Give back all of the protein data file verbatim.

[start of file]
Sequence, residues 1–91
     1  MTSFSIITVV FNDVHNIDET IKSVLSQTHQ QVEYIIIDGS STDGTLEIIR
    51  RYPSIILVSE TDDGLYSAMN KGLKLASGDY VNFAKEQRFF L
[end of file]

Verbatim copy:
Sequence, residues 1–91
     1  MTSFSIITVV FNDVHNIDET IKSVLSQTHQ QVEYIIIDGS STDGTLEIIR
    51  RYPSIILVSE TDDGLYSAMN KGLKLASGDY VNFAKEQRFF L